(I realize now that there is potentially a server imposed limit to length here - as well as browser graphic display result considerations for those who are visiting site without image display.)

Thanks for your time, consideration and feedback,

headquarters

Edited by headquarters, 24 April 2009 - 09:23 AM.


#9 NASA

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Posted 24 April 2009 - 09:43 AM

1. underscores are not considered word separators, so if you are going to get any benfit, you need to use hyphens.

2. Legal file name yes, but see point 1.

3. it only contributes to the SE's / Ranking if the image is a hyperlink to another page, then the alt atribute text is used as KWD relevancy for the landing page.

In the old DOS days filenames could only be 8 characters, then it became 15char. Now it's alot more, but as Randy says, dependent on OS and OS version.

I have a html file with the following name
QUOTE
mortgage-payment-protection-insurance-advice.html
and have not had any problems, but this is on a windows box, so it may vary on a *nix box.

#10 Jill

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Posted 24 April 2009 - 09:56 AM

Me thinks most people only search for images to steal 'em...

#11 NASA

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Posted 24 April 2009 - 10:32 AM

I think you could be right Jill, Well that's what I use the image search for!

blackhat.gif bag.gif cop.gif

#12 Randy

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Posted 24 April 2009 - 10:56 AM

QUOTE
Me thinks most people only search for images to steal 'em...


This I can confirm. In large part at least. I have actually had to file suit against a handful of people over the years for stealing original, copyrighted images. The suits was necessary because there were actual damages. These are more than just your ordinary photos or images, and were often being lifted by competitors and sold as their own work.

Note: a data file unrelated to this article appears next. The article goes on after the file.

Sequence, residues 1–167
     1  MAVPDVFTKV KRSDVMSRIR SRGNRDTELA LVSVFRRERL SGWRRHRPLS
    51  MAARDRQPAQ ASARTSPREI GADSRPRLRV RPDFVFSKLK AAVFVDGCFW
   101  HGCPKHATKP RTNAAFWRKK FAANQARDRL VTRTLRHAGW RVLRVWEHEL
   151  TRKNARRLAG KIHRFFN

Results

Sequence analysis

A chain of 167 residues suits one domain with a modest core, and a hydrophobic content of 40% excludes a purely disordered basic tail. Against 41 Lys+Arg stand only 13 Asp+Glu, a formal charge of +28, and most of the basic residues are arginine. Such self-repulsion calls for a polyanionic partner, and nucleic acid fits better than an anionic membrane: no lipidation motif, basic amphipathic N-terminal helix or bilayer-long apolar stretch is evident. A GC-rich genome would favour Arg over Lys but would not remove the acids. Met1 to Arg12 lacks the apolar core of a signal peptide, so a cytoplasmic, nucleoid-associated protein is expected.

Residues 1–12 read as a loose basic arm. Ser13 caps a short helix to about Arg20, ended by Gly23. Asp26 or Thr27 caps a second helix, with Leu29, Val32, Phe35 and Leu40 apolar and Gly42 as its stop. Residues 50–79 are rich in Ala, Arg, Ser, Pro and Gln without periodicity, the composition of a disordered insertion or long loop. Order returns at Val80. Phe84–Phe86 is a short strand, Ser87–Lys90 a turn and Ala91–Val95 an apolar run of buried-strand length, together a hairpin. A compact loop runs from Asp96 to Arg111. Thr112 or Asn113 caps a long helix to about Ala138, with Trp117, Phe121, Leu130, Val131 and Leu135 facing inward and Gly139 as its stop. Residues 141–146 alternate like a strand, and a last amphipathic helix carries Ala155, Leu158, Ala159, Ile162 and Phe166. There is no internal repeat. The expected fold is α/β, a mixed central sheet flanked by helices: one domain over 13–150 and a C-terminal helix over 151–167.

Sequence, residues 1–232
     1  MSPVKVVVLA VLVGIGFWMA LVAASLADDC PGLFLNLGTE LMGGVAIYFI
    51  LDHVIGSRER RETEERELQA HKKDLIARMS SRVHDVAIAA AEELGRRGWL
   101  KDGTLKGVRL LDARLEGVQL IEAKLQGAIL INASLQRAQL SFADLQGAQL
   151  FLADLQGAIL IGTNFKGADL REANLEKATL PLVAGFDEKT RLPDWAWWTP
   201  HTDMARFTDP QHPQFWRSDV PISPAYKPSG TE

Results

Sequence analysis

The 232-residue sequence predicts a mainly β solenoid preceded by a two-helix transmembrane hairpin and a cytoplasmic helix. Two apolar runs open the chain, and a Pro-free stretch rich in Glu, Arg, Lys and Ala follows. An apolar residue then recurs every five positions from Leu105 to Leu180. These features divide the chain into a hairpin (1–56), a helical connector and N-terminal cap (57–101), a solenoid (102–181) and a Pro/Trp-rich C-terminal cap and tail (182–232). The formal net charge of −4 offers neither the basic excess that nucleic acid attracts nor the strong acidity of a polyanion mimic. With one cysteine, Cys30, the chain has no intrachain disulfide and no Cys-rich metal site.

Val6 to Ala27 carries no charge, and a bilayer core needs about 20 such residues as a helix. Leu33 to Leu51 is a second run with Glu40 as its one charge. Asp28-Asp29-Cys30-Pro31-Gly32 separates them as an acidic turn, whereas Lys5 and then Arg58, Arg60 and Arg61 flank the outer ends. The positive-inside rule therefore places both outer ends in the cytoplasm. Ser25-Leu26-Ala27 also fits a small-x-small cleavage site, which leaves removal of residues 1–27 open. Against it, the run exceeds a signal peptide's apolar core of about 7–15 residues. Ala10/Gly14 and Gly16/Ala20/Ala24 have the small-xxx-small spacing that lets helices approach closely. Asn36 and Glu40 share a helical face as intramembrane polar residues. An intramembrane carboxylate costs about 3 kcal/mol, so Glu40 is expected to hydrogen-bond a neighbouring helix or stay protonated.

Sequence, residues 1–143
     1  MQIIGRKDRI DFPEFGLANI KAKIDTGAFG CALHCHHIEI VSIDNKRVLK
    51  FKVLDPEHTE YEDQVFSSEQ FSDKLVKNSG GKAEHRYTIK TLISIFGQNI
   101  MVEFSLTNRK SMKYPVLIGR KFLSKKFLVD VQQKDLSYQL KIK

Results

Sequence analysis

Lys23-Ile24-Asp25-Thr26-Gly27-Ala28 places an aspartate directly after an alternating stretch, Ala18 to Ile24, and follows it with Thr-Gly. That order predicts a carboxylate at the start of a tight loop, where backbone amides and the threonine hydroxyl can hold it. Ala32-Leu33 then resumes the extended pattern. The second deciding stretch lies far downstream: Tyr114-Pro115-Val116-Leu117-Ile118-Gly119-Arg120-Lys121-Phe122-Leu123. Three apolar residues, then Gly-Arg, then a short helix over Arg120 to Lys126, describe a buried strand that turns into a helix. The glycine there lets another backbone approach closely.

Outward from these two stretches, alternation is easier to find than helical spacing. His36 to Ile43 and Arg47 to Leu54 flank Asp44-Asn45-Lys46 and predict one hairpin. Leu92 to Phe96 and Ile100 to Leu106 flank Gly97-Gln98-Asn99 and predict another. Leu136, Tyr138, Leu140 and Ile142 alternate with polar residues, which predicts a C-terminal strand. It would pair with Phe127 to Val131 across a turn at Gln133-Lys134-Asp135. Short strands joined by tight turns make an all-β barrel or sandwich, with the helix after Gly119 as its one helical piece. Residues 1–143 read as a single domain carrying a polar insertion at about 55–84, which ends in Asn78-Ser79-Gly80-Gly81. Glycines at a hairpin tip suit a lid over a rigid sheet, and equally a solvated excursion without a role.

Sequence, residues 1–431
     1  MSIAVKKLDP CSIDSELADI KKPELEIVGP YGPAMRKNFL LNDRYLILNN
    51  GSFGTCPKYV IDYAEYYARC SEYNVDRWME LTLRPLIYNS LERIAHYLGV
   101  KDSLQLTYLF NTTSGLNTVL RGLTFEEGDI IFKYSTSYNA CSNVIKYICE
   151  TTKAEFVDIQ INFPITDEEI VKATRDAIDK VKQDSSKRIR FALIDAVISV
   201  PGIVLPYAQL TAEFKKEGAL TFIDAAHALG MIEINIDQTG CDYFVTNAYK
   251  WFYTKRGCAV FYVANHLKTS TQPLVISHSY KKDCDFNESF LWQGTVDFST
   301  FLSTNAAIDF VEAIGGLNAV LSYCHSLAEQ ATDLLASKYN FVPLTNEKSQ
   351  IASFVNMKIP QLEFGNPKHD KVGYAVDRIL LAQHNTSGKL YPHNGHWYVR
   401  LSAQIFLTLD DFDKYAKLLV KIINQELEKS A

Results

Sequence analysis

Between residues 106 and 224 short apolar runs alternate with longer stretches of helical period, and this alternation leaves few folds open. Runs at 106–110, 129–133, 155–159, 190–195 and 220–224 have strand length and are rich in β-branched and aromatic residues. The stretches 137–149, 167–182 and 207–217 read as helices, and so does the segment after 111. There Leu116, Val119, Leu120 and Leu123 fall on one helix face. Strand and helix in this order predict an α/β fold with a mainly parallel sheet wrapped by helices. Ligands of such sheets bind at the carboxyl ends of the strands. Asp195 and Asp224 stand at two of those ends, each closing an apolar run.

In every one of those suits one of the questions that gets asked is where/how they found the images in the first place. Every one who had an answer to the question said they found them via image search.

On the other hand, using image search makes finding the thief's much easier, especially if they're not smart enough to change the image filename in the first place. giggle.gif

QUOTE
<img src="img/roses_flower_shop_anytown_weddings_mothers_day.jpg" width="130" height="144" alt="Rose's Flower Shop: Anytown's number one choice for Mother's Day">


That's looking mighty spammy to me at first glance.

As mentioned above you'd first want to use hyphens instead of underscores. But beyond that I think you're going way, way too far with it.

I could see an image being named roses.jpg or flower-shop.jpg or possibly even anytown-flower-shop.jpg. But you're trying to do too much with too little IMHO. Do that in the image tags and a few other places and you stand a decent chance of getting dinged for spamming eventually.

#13 headquarters

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Posted 24 April 2009 - 06:29 PM

QUOTE(MarkisLearning @ Apr 24 2009, 10:08 AM) View Post
Have you done any research on this using Google Images to see what results turned up answering your questions?


hi MarkisLearning, no I haven't done any research on this using Google images. Like you, I'm learning so I was trying to clarify what might be worthwile doing before I do anything.

Thanks all for chiming in on this . . . I definitely have a better idea on just what might and might not be worthwile.